The government’s apparent lack of understanding about the differing characteristics among senior living settings could put some providers “perpetually in noncompliance” with a proposed federal rule regarding the disposal of unused medications, several industry groups contend.

The rule, published by the Environmental Protection Agency in September, would prohibit healthcare facilities (defined to include assisted living communities, continuing care retirement / life plan communities and other senior living and healthcare settings) from disposing down the toilet or drain those pharmaceuticals considered to be hazardous waste. It also would require providers, when they transport drugs off site that are not eligible for a manufacturer’s credit, to ship the drugs as hazardous waste, with a hazardous waste manifest, to a Resource Conservation and Recovery Act interim status or permitted facility.

If disposal is managed on site, the rule reads, facilities could handle “non-creditable” drugs similarly to how they would have been managed under the 2008 “universal waste” rule amendment. Facilities would continue to be allowed to send to pharmaceutical reverse distributors those potentially hazardous waste pharmaceuticals that are eligible to receive a manufacturer’s credit.

One issue with the rule, however, say industry groups, is that it does not recognize that assisted living and CCRC environments differ from skilled nursing centers.

“In assisted living, our residents have the right to privacy, and many of them manage their own medications,” Argentum Chief Operating Officer Maribeth Bersani tells McKnight’s Senior Living. “We would not have the right or the authority, or it’s just not the way we operate, to ask them to surrender their medications to us so that we could properly dispose of them. We could tell them how to do it, but we would have absolutely no way to ensure that they did. So the assisted living communities probably would be perpetually in noncompliance.”

Some education of the federal agency on the differences between assisted living and skilled nursing may be in order, Bersani says. “I think they probably … don’t know the differences between skilled nursing facility, where all of the medications are managed by the nursing home, versus assisted living, where people can manage their own,” she says. Argentum is asking that assisted living communities be excluded from the rule.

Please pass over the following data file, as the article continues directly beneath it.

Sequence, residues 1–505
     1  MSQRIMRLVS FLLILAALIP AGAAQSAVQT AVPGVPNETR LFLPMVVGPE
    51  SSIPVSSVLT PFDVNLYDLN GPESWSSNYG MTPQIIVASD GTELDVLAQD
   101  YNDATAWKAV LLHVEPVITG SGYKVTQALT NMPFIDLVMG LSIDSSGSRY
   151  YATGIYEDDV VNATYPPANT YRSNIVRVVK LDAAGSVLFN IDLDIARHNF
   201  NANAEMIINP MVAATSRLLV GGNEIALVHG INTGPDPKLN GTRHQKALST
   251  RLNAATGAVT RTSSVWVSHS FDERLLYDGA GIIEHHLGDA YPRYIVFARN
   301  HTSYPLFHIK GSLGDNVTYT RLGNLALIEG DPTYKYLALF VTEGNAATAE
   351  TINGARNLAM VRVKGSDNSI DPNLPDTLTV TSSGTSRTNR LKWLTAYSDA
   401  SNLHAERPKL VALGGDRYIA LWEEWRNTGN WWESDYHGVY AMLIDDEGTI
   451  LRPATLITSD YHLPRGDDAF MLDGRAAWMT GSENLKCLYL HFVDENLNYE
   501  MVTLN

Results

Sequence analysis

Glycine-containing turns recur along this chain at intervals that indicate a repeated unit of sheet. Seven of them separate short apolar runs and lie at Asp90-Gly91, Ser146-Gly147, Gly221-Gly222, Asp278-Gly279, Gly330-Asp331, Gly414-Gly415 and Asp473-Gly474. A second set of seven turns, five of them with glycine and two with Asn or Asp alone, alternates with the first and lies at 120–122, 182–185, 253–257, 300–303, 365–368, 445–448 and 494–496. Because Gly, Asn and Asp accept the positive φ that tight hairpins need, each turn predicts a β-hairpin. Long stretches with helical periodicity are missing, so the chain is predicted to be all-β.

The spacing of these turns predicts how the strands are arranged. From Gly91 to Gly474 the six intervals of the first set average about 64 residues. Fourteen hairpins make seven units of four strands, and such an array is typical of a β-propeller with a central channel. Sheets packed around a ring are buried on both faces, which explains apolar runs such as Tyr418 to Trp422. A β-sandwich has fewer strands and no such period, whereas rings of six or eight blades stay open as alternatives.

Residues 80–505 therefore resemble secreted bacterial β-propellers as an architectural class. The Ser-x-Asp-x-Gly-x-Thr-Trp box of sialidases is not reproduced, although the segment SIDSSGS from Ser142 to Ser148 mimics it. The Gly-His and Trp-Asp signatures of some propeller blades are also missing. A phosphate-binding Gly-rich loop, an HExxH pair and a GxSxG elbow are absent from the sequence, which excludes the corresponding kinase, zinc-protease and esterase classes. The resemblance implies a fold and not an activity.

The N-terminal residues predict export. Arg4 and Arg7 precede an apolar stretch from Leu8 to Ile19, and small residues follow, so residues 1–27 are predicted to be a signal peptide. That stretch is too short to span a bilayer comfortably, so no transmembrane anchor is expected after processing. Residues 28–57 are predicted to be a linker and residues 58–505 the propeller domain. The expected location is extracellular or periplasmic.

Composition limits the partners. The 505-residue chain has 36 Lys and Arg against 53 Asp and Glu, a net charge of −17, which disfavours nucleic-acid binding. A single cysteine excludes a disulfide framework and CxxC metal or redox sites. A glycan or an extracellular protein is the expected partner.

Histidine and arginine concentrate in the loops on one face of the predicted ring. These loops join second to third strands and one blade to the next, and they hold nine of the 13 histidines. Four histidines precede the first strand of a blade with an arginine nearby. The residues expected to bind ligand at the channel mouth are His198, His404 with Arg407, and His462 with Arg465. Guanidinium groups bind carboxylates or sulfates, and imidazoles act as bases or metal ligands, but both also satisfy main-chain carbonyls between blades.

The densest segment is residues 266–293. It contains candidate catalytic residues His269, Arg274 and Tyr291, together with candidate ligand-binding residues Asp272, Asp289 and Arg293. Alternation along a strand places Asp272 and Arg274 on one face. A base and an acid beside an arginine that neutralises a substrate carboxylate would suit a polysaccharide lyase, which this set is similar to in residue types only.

Bersani, on behalf of Argentum, submitted comments on the rule Dec. 22, two days before the extended commenting deadline of Dec. 24. The EPA received 170 letters from healthcare providers, pharmaceutical firms, drug store companies, environmental groups, waste water management companies and other entities by the deadline.

Argentum’s other major concern with the proposed rule, Bersani says, is its assumption that all residents receive their medications from the same pharmacy, thereby enabling communities to work with one pharmacy to ensure proper disposal of drugs covered by the rule.

“While many of the larger providers do contract with a pharmacy, the majority of assisted living communities are smaller, and they do not contract,” she says. “People get their drugs from whatever pharmacy they want.” That reality means that, to comply with the rule, most assisted living communities would need to work with several pharmacies, Bersani says.

Argentum also was one of several groups signing a separate letter, dated Dec. 21, expressing similar concerns. In addition to Argentum, that letter was sent on behalf of the American Health Care Association/National Center for Assisted Living, LeadingAge, the National Association for the Support of Long-Term Care, the Senior Care Pharmacy Coalition, the National Community Pharmacists Association, the American Society of Consultant Pharmacists and pharmacy group purchasing organization GeriMed.

Assisted living communities and CCRCs, the groups wrote, do not have the infrastructure nor the procedures in place to collect hazardous waste pharmaceuticals and would incur “significant expenses” to comply with the rule, without remuneration. Compliance would be complicated further by the fact that assisted living communities are regulated at the state level, and requirements vary from state to state, according to the organizations.

“We support efforts to properly and safely dispose of hazardous waste pharmaceuticals. However, we have great concerns about the EPA’s broad use of the term ‘long-term care settings,’ ” Cheryl Phillips, M.D., LeadingAge’s senior vice president of public policy and health services, tells McKnight’s Senior Living. “In particular, assisted living facilities and continuing care retirement communities are the individuals’ homes, just as if they were still living in their previous residences. Staff members do not have authority to mandate that individuals turn over or dispose of their medications. It appears that throughout this proposed rule, the EPA does not fully understand the nature of these settings or the current regulations pertaining to nursing homes.”

The EPA expects to finalize the rule in 2016. It will be effective six months after that.